“ …No Time To Die is Daniel Craig’s best incarnation of an iconic role, an iteration that sees Bond travel to emotional spaces the character has never been to before, at least not since On Her Majesty’s Secret Service or in certain passages of Ian Fleming’s books. You feel all the wear and tear on Craig’s body and face, all the strain on Bond of having to save the world one last time (again) yet also all the tantalizing freedom of someone approaching the end of a long run.” The Wrap
Having been originally scheduled for release in April 2020, Universal/MGM scheduled No Time to Die in Europe on November 12th 2020 followed by North America on November 20th. Now it’s September 2021 for most of the world.
UK censorship body, the British Board of Film Classification (BBFC), has awarded No Time to Die, which premieres on 28th September 2021, a ’12A’ rating.
The BBFC’s notes for No Time To Die indicate that there are “a number of scenes of violence, including crunchy blows, an arm-break and shootings, but these lack any focus on detail.” There is “occasional sight of injuries resulting from violence, including cuts and grazes”.
Previously, the unelected and unaccountable censorship quango demanded for the removal of an eye violence scene from Spectre (2015) and a “sadistic” torture sequence in Casino Royale (2006), in order to secure a 12A rating.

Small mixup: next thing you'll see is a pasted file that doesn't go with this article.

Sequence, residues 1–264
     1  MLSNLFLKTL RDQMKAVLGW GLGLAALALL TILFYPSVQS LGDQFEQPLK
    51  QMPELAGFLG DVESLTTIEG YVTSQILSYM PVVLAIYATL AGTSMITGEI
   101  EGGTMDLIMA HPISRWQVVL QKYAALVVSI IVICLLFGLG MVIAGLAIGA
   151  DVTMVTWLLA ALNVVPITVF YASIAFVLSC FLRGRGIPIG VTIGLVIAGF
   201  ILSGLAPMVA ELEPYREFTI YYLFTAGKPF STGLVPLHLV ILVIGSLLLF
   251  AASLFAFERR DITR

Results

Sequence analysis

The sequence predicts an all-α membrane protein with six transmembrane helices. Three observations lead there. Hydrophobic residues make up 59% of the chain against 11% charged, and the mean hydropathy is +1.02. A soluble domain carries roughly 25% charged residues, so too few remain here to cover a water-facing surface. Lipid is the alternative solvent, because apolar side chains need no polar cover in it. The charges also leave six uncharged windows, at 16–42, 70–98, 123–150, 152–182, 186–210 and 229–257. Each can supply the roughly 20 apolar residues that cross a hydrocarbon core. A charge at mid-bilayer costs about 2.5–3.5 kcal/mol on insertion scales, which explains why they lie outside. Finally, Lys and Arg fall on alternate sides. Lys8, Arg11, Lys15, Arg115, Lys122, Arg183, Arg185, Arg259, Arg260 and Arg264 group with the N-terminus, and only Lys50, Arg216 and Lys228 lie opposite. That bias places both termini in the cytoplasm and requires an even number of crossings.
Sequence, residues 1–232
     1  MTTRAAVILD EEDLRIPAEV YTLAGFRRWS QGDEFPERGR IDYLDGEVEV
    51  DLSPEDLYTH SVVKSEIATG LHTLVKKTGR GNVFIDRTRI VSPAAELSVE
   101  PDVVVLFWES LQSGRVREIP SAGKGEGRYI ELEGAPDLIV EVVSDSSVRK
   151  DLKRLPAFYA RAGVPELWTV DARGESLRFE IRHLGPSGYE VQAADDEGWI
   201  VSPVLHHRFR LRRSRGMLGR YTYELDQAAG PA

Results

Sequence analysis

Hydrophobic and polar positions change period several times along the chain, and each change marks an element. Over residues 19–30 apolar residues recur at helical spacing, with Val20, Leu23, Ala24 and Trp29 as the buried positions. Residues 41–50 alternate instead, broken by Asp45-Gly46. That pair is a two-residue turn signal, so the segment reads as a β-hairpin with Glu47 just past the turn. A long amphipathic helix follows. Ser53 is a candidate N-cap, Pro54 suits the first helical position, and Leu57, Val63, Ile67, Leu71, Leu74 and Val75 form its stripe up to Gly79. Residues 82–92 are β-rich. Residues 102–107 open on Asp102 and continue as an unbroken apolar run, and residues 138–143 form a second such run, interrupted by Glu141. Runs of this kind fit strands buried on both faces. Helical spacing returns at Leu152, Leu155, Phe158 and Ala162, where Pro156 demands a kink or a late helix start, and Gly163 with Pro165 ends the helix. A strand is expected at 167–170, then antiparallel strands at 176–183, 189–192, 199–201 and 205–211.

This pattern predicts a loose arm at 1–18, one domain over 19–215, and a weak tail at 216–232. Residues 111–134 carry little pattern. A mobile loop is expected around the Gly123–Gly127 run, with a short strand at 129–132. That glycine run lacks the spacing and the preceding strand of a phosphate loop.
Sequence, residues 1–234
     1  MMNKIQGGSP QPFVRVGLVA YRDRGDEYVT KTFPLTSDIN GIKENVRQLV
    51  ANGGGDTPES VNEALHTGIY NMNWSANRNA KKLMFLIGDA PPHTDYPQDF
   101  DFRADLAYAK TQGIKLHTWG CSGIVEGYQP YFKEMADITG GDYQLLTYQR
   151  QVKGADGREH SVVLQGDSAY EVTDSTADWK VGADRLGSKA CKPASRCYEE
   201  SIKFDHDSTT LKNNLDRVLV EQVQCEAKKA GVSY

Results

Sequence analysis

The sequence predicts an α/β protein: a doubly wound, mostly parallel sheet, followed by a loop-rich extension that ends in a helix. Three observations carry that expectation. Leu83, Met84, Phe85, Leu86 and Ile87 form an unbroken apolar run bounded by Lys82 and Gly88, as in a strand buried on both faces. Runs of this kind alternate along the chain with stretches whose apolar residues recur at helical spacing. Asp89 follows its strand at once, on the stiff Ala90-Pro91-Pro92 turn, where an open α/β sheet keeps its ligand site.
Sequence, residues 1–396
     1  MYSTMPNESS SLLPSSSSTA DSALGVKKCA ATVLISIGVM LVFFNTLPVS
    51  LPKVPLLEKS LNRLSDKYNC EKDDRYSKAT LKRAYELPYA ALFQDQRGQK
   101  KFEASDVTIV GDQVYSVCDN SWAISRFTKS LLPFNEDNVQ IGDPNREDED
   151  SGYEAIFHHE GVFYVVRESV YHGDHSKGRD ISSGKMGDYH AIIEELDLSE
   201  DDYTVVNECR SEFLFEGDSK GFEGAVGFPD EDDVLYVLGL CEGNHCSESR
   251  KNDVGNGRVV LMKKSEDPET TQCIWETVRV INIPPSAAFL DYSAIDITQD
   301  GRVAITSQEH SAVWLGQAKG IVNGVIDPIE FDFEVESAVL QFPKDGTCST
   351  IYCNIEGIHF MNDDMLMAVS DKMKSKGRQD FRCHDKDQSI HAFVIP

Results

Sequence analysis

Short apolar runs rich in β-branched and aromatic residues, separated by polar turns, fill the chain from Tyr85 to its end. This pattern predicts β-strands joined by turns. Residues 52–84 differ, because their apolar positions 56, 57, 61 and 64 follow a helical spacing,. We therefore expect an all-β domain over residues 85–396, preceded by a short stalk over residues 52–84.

In the latest 007 adventure: “There are mild sex references and innuendo, as well as occasional discreet establishments of sex.” said the BBFC.
Any suggestions of racial stereotyping of black and Chinese characters are no longer permitted. “A racist remark is made to a black character who meets it with a very firm and forceful challenge,” in No Time To Die.
The f-word, first uttered in a Bond film by Judi Dench in Skyfall, returns alongside words such as “damn” and “Jesus”.
One sequence in No Time To Die which apparently might concern parents of younger children is the release of a “weaponised biochemical substance” that causes victims to “choke”. Their “flesh becomes disfigured and bloody,” the BBFC warned.
Main cast and characters:
Daniel Craig … James Bond
Rami Malek … Lyutsifer Safin
Léa Seydoux … Madeleine Swann
Lashana Lynch … Nomi
Ralph Fiennes … M
Christoph Waltz … Ernst Stavro Blofeld
Ben Whishaw … Q
Naomie Harris … Eve Moneypenny
Jeffrey Wright … Felix Leiter
Billy Magnussen … Logan Ash
Ana de Armas … Paloma
David Dencik … Valdo Obruchev
Rory Kinnear … Tanner
Dali Benssalah … Primo
Audio: Dolby Surround 7.1 | Dolby Digital | 12-Track Digital Sound | Auro 11.1 | Dolby Atmos| IMAX 6-Track
Aspect ratio: 2.39: 1